We have to give respondents the best chance to show us (or tell us) the truth. Machines can’t tease that out.

People – Managing respondents

In research, the respondent reigns supreme. 

In the work Watch Me Think does, for example, it is crucial that there is a link between the project manager and the respondent. Why? Well, it increases the quality of response as someone is there to explain how a video will be used, what is needed from the participant, how they should film, even their privacy rights etc. It increases the quality of what you get back. 


Because it increases trust. Trust means more honesty. Understanding means better quality. Machines can’t build that. Ever tried building empathy with a chat bot? 

Tech – Getting back the data

Smartphones. 360 cameras. GoPros. Technology is used so that people can record themselves doing what we’ve been brave enough to ask them to do. 

These videos are then uploaded via apps that compress, assign metadata; alerting a Project Manager that it’s arrived and delivering them into a production/QC environment. 

Done. With only a few touches of buttons.

People & tech – Quality checking

Each upload is quality checked by people, rated using the tech (the tech can even be used to check for certain aspects of quality, e.g. sound) and feedback is given via the system. 

People – Transcriptions

The “best” automated transcription service has a 90% success rate. Which means 1 in 10 words is wrong. 1 in 10 words that a machine could analyse and give the client the wrong indication, the wrong inference, point them in the wrong direction. 

Machine translation is even worse. Often gobbledegook at best.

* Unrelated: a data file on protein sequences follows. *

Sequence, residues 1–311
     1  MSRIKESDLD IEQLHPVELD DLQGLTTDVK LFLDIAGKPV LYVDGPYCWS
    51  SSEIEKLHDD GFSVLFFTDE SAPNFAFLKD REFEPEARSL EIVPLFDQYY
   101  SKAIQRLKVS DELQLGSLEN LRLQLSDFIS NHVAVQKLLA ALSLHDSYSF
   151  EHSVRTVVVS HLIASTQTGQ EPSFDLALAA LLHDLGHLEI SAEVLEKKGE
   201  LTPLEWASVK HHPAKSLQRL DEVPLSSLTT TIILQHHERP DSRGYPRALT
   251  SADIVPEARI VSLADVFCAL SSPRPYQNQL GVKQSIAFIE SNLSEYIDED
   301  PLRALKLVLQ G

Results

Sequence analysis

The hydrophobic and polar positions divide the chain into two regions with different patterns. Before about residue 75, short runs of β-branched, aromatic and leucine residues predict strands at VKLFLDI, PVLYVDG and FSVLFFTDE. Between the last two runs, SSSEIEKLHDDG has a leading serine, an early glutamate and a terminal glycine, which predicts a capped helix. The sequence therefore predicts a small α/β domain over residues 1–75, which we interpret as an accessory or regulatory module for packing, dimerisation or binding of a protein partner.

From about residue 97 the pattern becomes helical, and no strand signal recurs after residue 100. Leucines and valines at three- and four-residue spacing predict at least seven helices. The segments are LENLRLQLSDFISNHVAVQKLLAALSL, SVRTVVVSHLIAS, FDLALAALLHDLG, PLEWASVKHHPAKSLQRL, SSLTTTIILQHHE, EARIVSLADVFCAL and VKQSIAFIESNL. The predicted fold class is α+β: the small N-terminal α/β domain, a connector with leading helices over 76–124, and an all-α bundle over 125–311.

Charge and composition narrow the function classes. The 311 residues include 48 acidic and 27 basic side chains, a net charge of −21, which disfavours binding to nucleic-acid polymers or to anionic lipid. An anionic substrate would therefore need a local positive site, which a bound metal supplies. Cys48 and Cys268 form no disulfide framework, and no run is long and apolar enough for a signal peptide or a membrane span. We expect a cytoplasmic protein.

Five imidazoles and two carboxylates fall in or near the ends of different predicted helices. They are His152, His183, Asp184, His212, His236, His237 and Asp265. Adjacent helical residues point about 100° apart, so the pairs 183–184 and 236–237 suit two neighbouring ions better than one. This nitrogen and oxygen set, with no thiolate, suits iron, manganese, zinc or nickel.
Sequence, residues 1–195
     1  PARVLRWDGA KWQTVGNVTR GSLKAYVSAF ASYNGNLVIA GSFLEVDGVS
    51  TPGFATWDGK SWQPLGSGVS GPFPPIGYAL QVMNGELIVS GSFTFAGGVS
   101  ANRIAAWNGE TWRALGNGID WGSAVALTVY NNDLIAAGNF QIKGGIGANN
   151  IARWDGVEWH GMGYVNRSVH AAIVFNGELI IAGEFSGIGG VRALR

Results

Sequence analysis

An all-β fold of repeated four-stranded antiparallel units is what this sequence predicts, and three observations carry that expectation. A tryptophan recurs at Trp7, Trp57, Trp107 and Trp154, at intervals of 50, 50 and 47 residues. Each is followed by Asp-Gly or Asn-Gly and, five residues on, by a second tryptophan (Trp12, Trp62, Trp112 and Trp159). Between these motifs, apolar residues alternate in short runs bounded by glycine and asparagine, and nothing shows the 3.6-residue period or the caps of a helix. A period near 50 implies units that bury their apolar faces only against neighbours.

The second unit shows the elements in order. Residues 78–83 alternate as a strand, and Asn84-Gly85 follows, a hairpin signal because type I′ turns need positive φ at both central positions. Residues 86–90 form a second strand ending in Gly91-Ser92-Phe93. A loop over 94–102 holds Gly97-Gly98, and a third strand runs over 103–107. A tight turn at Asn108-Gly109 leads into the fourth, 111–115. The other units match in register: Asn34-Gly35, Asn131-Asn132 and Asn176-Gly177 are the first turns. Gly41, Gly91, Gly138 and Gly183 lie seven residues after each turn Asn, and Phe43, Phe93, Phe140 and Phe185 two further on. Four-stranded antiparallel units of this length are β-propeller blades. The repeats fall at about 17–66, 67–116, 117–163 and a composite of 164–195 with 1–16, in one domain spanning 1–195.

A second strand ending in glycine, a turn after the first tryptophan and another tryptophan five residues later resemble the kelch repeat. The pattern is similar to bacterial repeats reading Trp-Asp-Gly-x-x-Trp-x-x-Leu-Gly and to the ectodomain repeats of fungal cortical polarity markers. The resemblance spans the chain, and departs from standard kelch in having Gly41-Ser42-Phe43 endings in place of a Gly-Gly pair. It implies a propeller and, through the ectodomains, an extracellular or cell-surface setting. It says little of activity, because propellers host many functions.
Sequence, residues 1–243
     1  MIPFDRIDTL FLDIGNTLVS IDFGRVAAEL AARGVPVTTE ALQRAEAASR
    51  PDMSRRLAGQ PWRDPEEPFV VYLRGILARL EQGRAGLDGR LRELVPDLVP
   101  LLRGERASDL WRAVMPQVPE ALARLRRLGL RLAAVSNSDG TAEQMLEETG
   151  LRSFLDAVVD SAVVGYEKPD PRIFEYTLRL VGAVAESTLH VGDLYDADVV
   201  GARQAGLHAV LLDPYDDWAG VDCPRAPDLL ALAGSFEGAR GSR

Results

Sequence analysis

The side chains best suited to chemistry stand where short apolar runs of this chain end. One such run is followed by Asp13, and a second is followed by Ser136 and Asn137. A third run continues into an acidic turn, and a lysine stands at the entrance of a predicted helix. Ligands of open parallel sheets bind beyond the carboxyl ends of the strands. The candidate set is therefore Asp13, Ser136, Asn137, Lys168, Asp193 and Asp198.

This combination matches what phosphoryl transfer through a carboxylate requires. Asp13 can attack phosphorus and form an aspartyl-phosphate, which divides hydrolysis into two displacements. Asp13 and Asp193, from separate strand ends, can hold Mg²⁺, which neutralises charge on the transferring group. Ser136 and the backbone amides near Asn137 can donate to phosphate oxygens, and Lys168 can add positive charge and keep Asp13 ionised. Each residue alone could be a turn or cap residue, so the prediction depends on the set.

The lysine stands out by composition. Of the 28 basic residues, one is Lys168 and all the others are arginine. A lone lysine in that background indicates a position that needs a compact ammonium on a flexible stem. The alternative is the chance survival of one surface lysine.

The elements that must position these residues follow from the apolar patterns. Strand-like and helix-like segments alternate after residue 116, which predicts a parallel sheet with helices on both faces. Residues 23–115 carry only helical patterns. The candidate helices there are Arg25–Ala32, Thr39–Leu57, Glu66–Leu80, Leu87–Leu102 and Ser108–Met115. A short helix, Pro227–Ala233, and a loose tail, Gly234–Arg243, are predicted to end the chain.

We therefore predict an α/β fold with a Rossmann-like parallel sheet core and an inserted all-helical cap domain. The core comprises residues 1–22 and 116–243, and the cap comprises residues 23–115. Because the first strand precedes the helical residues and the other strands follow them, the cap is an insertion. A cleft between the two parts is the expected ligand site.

Only a human can transcribe the nuances of unrehearsed, natural speech. Plus a human transcriber can also add in actions that are not visible in speech alone (although machines are getting close to being able to do that).

People – Behavioural analysis

The icing on the cake. You need real people to watch the videos and assess what they are hearing based on their experience, their knowledge, their training. Real people to look at the behaviours and words to uncover the insights and observations.

If you’re happy with a word cloud as the sum analysis of a study, then you’re probably not that interested in research. 

People & tech – Word grouping

Using a synonym library built by humans, a machine can subsequently and automatically pull out key aspects within transcription texts which are displayed to the client, grouped along navigable themes.  

Want to see everything that people have said on pack design? Easy. But it’s all based on accurate, human transcriptions and human generated language connections. 

People & tech: Storyboarding

Researchers can also create storyboards. These can be passed to a video editor who will make what you’ve collected tell the story. 

Of course you, as a person, can also create your own reels, using on or offline tech editing tools. But give this task to a machine? Here’s what one did in trying to create a storyboard for Burger King:


Scriptwriters of the world, you can rest easy. 

Respect your work

Technology should be used to make certain elements of research more efficient, not to cut corners or make insights worse. 

Do not downgrade the human element. 

Just because something can be automated, it doesn’t mean to say it should be. Think Mickey Mouse and his spell on the mop and bucket

We all want high quality, truthful insights. The combination of people and technology is where, I believe, the future of research lives. 

Not simply Saas. But TaPas (Technology and People as a service). Or whatever you want to call it.

So when people start talking about AI, or automation, or DIY, ask them what their objective is. If it’s just faster and cheaper then ask yourself what is the real point. 

If you’re serious about getting truthful quality insights, if you consider your time precious and not to be wasted, look at what machines do best, look at what people do best, and look for where and how they best intersect.